Support and information from NCT
NCT offers reliable support and information about the various stages of pregnancy, week by week.
In pregnancy week seven the embryo is entering into a time of more dramatic developments. Lots will happen in the next few weeks as they become more like a little human and vital networks begin to take shape.
The embryo’s brain is developing rapidly when you are seven weeks pregnant. Their head will become enlarged, out of proportion to the rest of the body, and the facial features will become more prominent. If you were looking inside your womb you would see small indentations where the nose and ears will be. The embryo’s eyes are more developed as eyelids begin to grow over in a protective layer.
Elsewhere elbows are starting to form where the arms bend and they have developed a finger shape, although fingers will need more growing time to form completely. There will also be signs of cardiac development as the fast, erratic heartbeat first heard in week five of pregnancy is replaced by a mature, rhythmic heartbeat much more like our own. The embryo is about 9mm long now.
You are now past the half way stage of your first trimester of pregnancy. You will probably still be experiencing the symptoms of pregnancy including the need to urinate a lot. This happens because your womb expands to house your growing baby and as it grows pushes on your bladder. You may still be experiencing morning sickness. It is common for this to continue throughout your first trimester, as are other niggles and discomforts of pregnancy. It is perfectly normal to feel these things, it is your body’s reaction to the pregnancy hormones. The good news is, once you pass your first trimester these symptoms usually settle down.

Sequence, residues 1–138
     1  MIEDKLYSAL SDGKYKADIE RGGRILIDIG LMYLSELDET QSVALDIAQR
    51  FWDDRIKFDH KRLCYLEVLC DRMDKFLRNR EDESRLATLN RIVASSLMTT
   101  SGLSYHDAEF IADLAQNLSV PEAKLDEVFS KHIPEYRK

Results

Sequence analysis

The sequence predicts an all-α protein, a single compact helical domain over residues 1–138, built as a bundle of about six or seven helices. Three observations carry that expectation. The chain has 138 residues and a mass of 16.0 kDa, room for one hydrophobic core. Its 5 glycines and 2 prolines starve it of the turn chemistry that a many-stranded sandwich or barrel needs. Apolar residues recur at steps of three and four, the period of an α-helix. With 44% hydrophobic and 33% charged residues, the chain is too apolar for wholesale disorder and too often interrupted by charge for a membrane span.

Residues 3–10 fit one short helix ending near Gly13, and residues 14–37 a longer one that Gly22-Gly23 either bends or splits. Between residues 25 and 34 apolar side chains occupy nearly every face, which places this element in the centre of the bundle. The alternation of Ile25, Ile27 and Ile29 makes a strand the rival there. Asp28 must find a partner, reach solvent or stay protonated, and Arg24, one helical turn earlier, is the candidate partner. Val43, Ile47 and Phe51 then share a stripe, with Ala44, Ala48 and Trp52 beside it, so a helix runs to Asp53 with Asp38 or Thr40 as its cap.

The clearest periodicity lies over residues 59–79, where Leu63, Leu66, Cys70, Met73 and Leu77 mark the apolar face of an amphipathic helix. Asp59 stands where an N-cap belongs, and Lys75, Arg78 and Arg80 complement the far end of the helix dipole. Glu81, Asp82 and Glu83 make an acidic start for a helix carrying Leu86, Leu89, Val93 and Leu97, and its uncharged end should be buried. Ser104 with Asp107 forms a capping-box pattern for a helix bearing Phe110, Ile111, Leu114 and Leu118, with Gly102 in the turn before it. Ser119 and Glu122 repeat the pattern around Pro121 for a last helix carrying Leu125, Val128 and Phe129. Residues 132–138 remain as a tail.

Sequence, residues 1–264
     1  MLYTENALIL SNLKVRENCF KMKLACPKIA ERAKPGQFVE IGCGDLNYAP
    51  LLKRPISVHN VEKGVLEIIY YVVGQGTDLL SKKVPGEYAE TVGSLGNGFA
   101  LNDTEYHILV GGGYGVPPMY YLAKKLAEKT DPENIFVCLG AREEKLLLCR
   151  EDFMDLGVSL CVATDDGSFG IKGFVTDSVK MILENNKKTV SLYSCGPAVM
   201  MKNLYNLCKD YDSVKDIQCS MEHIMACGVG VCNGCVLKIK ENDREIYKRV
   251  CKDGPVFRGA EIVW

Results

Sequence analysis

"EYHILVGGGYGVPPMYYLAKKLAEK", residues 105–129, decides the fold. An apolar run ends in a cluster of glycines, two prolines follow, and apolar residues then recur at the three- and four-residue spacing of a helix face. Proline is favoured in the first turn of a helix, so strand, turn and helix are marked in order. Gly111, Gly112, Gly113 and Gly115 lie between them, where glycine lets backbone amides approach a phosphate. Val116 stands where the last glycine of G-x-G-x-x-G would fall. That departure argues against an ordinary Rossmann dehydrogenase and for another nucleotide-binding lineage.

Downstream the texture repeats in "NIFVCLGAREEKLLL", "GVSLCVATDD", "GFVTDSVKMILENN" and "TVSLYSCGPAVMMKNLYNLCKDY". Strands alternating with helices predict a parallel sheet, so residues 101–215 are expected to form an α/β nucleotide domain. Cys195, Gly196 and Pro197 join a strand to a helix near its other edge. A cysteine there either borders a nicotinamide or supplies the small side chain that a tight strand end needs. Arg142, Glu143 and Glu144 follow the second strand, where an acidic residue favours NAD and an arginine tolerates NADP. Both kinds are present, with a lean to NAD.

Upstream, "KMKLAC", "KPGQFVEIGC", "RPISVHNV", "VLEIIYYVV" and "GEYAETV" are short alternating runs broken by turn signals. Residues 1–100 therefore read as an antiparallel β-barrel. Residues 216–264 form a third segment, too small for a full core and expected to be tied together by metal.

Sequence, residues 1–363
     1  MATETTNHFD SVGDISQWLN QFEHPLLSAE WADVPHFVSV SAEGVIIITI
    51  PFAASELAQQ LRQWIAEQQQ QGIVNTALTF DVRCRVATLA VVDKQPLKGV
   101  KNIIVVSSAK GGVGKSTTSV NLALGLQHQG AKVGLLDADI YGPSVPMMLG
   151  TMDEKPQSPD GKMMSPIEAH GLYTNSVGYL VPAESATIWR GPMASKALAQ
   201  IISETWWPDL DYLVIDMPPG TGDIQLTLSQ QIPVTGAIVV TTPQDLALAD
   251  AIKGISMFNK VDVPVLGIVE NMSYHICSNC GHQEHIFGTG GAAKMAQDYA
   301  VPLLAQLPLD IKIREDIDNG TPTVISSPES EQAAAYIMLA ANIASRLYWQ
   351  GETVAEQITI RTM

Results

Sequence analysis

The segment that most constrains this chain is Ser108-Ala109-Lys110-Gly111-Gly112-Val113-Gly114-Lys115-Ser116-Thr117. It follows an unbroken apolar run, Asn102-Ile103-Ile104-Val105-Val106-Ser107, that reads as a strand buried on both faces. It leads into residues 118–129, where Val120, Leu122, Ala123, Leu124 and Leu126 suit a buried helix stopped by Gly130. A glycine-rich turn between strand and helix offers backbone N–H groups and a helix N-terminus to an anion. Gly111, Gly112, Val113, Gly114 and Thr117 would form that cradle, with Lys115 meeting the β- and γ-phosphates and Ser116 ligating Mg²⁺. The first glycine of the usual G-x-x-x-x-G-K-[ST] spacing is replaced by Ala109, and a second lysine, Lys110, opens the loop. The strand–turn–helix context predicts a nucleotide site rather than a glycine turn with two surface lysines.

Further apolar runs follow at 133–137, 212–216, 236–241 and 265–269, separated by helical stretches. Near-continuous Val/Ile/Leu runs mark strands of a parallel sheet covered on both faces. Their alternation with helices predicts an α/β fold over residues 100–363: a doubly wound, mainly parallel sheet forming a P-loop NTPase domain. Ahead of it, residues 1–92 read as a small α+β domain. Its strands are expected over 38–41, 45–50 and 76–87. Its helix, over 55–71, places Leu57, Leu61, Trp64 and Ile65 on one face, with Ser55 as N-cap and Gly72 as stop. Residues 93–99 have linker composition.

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We are the largest UK charity for parents. We support parents from pregnancy to early parenthood through courses, groups and our local support networks.
Being a mum or dad can be difficult. A little reassurance can make all the difference. Call us for support and information about pregnancy, birth, feeding and early parenthood – 0300 330 0700.